Adrenal Crisis Information
Information and links for health care professionals on acute adrenal insufficiency, also termed adrenal crisis, a life-threatening endocrine emergency.
Diagnostic measures should never delay treatment and if adrenal crisis is suspected, treatment should be initiated WITHOUT DELAY.
Short-term administration of high doses of glucocorticoids is never harmful but failure to treat adrenal crisis can result in the death of the patient.
If you suspect established or developing adrenal crisis in a patient:
Please immediately inject 100mg hydrocortisone sodium succinate i.v. or i.m. followed by rapid rehydration with i.v. administration of 0.9% saline solution (or equivalent).
Please maintain the patient on hydrocortisone at a dose of 200mg hydrocortisone sodium succinate per 24 hours (preferably by continuous i.v. infusion, alternatively by i.v. or i.m. injection of 50mg hydrocortisone every 6 hours) until clinical recovery and further guidance by an endocrinologist.
Adrenal crisis can be a manifestation of previously undiagnosed adrenal failure.
Adrenal crisis can also occur in patients with known adrenal insufficiency if existing cortisol replacement does not meet the increased need for cortisol, e.g. due to illness with fever, persistent vomiting or diarrhoea, trauma or childbirth. Preparation for invasive diagnostic procedures such as colonoscopy and surgery requiring general anaesthesia are further risk factors for adrenal crises.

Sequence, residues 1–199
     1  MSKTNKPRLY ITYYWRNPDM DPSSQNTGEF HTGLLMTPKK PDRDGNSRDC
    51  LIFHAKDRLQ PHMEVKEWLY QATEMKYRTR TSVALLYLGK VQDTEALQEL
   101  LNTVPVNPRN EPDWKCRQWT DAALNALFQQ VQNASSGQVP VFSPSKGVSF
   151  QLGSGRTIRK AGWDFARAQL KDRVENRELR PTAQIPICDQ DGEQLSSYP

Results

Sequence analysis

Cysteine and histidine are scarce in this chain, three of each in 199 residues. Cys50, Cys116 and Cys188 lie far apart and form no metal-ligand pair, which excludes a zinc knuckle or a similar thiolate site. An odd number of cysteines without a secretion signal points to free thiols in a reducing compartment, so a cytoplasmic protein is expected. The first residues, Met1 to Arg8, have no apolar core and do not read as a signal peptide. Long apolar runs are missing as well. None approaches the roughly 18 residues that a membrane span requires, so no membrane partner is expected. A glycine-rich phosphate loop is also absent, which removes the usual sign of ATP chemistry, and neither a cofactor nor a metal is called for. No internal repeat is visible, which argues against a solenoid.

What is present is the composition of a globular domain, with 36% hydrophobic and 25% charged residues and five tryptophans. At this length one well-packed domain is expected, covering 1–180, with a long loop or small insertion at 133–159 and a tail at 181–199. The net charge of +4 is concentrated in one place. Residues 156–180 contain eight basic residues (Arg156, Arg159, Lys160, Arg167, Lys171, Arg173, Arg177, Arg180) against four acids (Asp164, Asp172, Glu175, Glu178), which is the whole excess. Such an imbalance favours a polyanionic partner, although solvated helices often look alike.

To prevent adrenal crisis in all these situations, hydrocortisone needs to be administered and maintained as per above.
Do not hesitate to give high doses of hydrocortisone to a pregnant woman; hydrocortisone is inactivated in the placenta and does NOT affect the unborn baby. However, failure to treat a pregnant woman with adrenal insufficiency can result in death of mother and/or loss of the child.
In children, the initial hydrocortisone emergency injection should be given at a dose of 50mg/m2 body surface, followed by appropriate fluid resuscitation and 50 mg/m2/24h in infants and toddlers and 100 mg/m2/24h for school age children.
Professor Wiebke Arlt
Chair, SfE Clinical Committee
20 July 2016
This page is endorsed by:
Society for Endocrinology
International Society of Endocrinology www.endosociety.com
Addison’s Disease Self Help Group www.addisons.org.uk
ALD Life www.aldlife.org/
CLIMB CAH Support Group www.livingwithcah.com
The Pituitary Foundation www.pituitary.org.uk
Steroid emergency card for overseas travel
Download mobile-friendly or printable versions of the card in different languages